By Shardha Batra
Dharma is the cosmic law which holds things, people, families, society, nations, and the countless, disparate elements of the cosmos together as a cohesive, harmonious and meaningful whole.
When this mystical law is translated into motivations and actions, appropriate to a specific individual in a specific situation, it transcends personal desires and attachments and manifests as dharma in its aspect as duty.
The ‘Vedas’ expand the word ‘dharma’ to include the abstract truths of ‘Satyam’, ‘Brihad’ and ‘Ritam’.
Satyam is the essential truth of a situation, deeper and more complex than the surface appearance. It is a result of ‘buddhi’ penetrating the threadbare essence of a situation.
Brihad means vast and all inclusive. It is a change of spectacles which enables integration of multiple warring facts into an all-sweeping eagle vision which joins visible and invisible dots.
Satyam and brihad when combined translate into ritam – righteous action. It is the warrior fighting the battle with soft skills of a psychotherapist. Ritam includes diagnosing feelings, wielding compassion and the art of relentless, disarming dialogue.
Satyam, brihad and ritam are the outcome of ‘Prajna’ which is a synthesis of a clear impartial objectivity with sensitive subjectivity and the practised ability to discover out of the box solutions to intimidating deadlocks.
The deity in-charge of dharma is also Dharma. He is born from Brahma, married to the daughters of Daksha and father of Nara Narayana. Symbolically, Dharma is born to Brahma – the creative waking consciousness or mind. Dharma marrying Daksha Prajapati’s daughters is symbolic of Dharma being lord of all potential talents required to connect diverse individuals. Dharma is the father of Nara, jiva atman, and Narayana, Paramatman, making it the seed leading to the birth of the embodied soul as both man and the divine avatar in a combined mission to restore cosmic integrity.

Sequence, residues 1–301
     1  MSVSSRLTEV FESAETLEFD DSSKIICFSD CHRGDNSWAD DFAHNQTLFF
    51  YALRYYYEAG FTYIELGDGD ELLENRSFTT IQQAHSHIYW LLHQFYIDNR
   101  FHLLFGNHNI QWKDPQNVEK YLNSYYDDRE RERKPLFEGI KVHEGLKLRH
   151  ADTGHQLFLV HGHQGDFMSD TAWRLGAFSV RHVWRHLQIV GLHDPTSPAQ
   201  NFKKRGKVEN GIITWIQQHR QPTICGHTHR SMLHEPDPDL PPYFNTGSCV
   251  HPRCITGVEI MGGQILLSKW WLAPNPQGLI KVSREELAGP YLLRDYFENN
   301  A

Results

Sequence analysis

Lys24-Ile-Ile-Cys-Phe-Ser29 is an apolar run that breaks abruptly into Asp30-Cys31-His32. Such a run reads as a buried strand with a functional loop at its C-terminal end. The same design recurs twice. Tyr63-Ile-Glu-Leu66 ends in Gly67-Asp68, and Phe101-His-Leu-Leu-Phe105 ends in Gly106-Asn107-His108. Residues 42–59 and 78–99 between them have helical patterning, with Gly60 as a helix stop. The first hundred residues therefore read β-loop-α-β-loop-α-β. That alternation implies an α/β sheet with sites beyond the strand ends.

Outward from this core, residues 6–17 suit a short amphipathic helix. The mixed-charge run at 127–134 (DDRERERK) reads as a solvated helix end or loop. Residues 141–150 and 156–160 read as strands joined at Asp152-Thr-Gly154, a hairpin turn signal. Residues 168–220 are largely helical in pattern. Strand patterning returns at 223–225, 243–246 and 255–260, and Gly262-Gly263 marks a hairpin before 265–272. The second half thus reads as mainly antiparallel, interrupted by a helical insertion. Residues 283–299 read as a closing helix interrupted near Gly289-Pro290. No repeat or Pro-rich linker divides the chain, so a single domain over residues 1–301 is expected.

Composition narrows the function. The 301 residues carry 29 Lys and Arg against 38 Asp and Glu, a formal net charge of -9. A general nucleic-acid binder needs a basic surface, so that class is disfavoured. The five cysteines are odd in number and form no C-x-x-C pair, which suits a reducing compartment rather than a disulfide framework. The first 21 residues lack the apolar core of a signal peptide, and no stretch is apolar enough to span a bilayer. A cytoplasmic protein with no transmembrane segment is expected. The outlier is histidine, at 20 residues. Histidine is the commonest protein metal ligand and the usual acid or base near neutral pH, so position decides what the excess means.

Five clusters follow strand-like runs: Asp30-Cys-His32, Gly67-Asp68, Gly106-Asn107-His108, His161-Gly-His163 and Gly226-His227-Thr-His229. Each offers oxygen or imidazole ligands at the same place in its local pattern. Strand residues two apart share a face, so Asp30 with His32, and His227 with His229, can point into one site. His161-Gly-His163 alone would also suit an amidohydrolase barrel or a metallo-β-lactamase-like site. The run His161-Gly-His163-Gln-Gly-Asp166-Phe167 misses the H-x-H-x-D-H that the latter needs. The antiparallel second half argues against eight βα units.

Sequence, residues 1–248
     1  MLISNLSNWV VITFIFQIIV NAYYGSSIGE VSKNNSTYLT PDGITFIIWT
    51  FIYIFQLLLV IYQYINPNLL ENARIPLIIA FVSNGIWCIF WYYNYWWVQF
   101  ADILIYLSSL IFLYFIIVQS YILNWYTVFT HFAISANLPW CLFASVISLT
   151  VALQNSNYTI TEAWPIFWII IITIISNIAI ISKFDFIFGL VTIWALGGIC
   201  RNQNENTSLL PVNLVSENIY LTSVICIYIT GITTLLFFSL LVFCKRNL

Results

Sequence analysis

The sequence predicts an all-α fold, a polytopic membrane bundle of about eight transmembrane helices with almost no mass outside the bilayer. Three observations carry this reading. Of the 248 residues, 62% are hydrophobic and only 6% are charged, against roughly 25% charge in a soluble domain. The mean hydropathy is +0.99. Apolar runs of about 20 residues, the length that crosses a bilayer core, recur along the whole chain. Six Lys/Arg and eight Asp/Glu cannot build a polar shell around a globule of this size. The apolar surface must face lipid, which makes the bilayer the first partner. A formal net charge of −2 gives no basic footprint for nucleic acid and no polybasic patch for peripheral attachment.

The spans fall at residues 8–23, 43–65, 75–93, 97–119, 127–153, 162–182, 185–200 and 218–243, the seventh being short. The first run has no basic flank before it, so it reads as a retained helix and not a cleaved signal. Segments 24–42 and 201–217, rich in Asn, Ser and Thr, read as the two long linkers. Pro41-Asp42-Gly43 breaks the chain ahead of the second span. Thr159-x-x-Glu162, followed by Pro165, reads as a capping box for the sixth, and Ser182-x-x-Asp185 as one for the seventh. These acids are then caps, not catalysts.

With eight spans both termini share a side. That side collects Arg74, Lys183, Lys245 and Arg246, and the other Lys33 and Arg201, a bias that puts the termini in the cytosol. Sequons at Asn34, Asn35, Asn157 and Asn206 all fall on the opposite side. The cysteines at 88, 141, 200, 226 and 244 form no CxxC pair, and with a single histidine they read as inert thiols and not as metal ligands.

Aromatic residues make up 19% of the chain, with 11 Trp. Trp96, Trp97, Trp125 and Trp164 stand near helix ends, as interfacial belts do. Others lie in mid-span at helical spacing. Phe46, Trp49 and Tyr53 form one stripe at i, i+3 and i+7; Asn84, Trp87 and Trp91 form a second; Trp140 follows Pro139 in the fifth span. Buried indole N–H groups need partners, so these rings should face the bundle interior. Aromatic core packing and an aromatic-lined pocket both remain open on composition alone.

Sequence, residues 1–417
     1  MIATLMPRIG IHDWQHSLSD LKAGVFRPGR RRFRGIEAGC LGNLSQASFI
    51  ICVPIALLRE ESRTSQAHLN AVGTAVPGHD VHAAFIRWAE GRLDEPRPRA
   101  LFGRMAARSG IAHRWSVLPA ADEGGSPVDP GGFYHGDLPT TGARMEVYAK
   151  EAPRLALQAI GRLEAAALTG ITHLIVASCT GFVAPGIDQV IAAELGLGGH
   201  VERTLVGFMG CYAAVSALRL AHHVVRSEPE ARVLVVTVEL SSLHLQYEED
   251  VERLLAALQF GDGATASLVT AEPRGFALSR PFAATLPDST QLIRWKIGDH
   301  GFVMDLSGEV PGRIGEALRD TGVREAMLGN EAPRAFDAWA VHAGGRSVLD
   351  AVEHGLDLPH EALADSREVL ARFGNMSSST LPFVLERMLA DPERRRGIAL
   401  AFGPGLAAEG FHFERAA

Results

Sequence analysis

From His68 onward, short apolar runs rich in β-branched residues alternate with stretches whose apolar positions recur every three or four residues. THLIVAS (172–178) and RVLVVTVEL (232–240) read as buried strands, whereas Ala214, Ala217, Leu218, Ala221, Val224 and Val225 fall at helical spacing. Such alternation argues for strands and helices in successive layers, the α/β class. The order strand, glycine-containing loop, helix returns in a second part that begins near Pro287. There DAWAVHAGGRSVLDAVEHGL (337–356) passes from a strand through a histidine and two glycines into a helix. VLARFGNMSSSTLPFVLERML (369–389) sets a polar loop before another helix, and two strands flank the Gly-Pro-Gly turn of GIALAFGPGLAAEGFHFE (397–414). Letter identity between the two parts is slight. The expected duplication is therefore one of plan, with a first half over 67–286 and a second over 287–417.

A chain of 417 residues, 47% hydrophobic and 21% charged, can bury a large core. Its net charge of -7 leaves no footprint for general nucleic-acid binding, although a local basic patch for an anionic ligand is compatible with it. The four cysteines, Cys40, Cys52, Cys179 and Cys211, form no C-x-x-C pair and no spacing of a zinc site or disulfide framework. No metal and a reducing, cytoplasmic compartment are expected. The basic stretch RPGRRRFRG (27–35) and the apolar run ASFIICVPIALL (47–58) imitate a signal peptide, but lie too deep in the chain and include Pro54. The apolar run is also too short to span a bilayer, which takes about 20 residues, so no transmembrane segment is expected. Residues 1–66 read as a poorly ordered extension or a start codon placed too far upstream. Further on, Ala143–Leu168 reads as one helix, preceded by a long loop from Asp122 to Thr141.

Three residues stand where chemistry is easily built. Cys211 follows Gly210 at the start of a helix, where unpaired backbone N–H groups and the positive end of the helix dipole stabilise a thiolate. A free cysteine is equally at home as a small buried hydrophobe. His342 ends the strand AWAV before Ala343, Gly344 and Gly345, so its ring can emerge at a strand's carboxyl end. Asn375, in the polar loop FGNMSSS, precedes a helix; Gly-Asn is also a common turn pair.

Dharma is the result of transcending the ego. Its foundation is the Vedic concept of yajna, sacrifice, and the lofty ideal of loka sangraha, collective well-being, which was given by Krishna to Arjuna at the critical juncture of the Mahabharata war.
In the Bhagwad Gita 3:20, Krishna says, “O Arjuna, Janaka and others attained perfection by action. You should perform action with a view to loka sangraha – protecting and holding together of people.” This does not allude to a Karl Marx-like principle where the individual is subservient to a homogeneous collectivity. Loka sangraha is collective well-being based on being able to appreciate and honour individual differences. Never giving up on an individual irrespective of his uniquely different view, religion and approach; it unites people based on the universal divine spark in all.
In the Gita, 3:21, Krishna continues: “Whatever a great man does, other men also do. Whatever he sets up as a standard, that is emulated by the people.” The common man closely watches and emulates the ideals and trajectories of such a leader, drawing inspirations to sacrifice the lesser for the greater ideal of ‘i win, you win’.
Such a leader becomes an arrow in the hands of the divine archer, an instrument for not only uplifting and supporting the weak but also ushering in global harmony and peace.
Views expressed above are the author’s own.
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